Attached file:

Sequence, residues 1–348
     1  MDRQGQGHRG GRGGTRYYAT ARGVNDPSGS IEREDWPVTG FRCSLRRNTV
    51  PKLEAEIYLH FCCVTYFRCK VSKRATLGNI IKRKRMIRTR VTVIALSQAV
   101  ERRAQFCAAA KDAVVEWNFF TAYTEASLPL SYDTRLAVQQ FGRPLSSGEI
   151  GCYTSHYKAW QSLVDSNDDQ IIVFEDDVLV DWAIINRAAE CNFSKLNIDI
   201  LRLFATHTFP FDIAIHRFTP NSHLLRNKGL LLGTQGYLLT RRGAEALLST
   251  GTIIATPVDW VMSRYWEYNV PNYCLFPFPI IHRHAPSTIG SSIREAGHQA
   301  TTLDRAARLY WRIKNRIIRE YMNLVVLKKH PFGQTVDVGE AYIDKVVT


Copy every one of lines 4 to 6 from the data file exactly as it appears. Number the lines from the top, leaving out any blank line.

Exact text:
   101  ERRAQFCAAA KDAVVEWNFF TAYTEASLPL SYDTRLAVQQ FGRPLSSGEI
   151  GCYTSHYKAW QSLVDSNDDQ IIVFEDDVLV DWAIINRAAE CNFSKLNIDI
   201  LRLFATHTFP FDIAIHRFTP NSHLLRNKGL LLGTQGYLLT RRGAEALLST